Following the Ways of the Gentiles
Student Summaries of Sichot of the Roshei Yeshiva
Yeshivat Har Etzion
SICHA OF HARAV AHARON LICHTENSTEIN
Following the Ways of the Gentiles
Adapted by Matan Glidai
Translated by Kaeren Fish
"The customs of the land of Egypt, in which you dwelled, you shall not follow, nor shall you follow the customs of the land of Canaan, to which I bring you, nor shall you follow their statutes" (Vayikra 18:3).
What is the meaning of the repetition in this verse? What does the phrase, "nor shall you follow their statutes," add to the first part of the command?
In the following verse, we read: "You shall perform My judgments and observe My statutes." The term "judgments" (mishpatim) refers to those commandments whose reasons are clear, those which "had they not been uttered [by God], they would be worthy of being enacted [by man]" (Rashi, ibid). "Statutes" (chukkim), on the other hand, are commandments whose reasons are unknown to us - those which, from our point of view, appear arbitrary; there is nothing inherently negative about the prohibited activity itself.
We may explain verse 3 in a similar way. Commenting on this verse, Rashi writes: "This tells us that the customs of the Egyptians and of the Canaanites were the most depraved of all the nations." Hence, the customs of Egypt and Canaan are prohibited because of their inherent perversion, because of the depravity of the acts themselves. Indeed, the chapter does go on to describe acts of immorality which are abominations in and of themselves. But when the Torah speaks of "their statutes," it refers to ordinary actions that are not in themselves negative - just as, from our point of view, there is no moral imperative inherent to such laws as "kil'ayim" (the prohibition of mixing species) or the purification procedure involving the red heifer. Why, then, are these gentile customs forbidden?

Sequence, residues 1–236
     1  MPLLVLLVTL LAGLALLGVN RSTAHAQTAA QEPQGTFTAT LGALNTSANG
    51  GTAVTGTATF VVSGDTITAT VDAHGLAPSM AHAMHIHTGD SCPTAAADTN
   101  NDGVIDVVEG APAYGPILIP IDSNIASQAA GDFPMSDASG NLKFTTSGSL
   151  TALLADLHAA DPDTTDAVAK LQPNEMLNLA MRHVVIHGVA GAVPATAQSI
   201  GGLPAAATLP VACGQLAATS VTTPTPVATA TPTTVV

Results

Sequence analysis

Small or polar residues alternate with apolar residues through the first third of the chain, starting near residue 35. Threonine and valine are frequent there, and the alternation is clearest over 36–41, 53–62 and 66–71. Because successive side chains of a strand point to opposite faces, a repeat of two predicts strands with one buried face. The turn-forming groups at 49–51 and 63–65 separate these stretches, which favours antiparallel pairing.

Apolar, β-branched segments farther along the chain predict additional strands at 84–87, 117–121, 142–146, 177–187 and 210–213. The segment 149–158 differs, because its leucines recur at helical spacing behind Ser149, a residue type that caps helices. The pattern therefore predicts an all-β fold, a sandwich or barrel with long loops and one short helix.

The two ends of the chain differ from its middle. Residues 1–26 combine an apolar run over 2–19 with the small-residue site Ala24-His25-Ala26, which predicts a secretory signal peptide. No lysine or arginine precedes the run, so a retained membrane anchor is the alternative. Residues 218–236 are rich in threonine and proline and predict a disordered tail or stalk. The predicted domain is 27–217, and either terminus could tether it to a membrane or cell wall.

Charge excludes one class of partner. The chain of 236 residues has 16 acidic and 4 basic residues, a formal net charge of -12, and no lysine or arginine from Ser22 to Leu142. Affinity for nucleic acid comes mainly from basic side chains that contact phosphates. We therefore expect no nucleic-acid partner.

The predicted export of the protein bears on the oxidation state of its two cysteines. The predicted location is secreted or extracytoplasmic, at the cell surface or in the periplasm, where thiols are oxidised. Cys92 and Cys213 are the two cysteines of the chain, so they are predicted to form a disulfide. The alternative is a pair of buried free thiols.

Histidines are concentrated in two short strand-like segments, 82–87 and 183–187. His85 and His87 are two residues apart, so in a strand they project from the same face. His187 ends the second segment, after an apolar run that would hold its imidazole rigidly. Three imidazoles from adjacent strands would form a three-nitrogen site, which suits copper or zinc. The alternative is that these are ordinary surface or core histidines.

The Torah does not want us to imitate the gentiles and their culture. We are not commanded, "You shall not perform their statutes," but rather, "You shall not follow their statutes." There is nothing wrong with the actions themselves; the problem is the very imitation of gentile ways and adoption of their culture. Clearly, if the act in question is positive and productive, it should be adopted, but if we are speaking of a mundane act that is performed only because "this is how the gentiles do it," with no inherent benefit, it is forbidden.
The Rambam writes (Hilkhot Avodat Kokhavim 11:1):
"We do not follow the ways of the idolaters, nor do we imitate them - neither in dress, nor hairstyle, etc., as it is written - 'You shall not walk in the ways of the gentiles,' and we are told, 'nor shall you walk in their statutes.' Rather, a Jew should be distinguished from them and recognized by his dress and by his other actions, just as he is distinguished from them in his thinking and in his character traits ."
The Kesef Mishneh comments here, in the name of the Maharik:
"Our teacher [the Rambam] meant here to prohibit only a style of dress that is particular to them, and which is avoided by Jews due to modesty or proper behavior. Since this outfit is worn by [the gentiles] for licentiousness, and Jews avoid it because of their Judaism, then when Jews dress in that way, they appear to acknowledge them and follow them. But if it is not a style of dress that is particular to them, then a Jew is not required by the same logic to distinguish himself from the gentiles at all."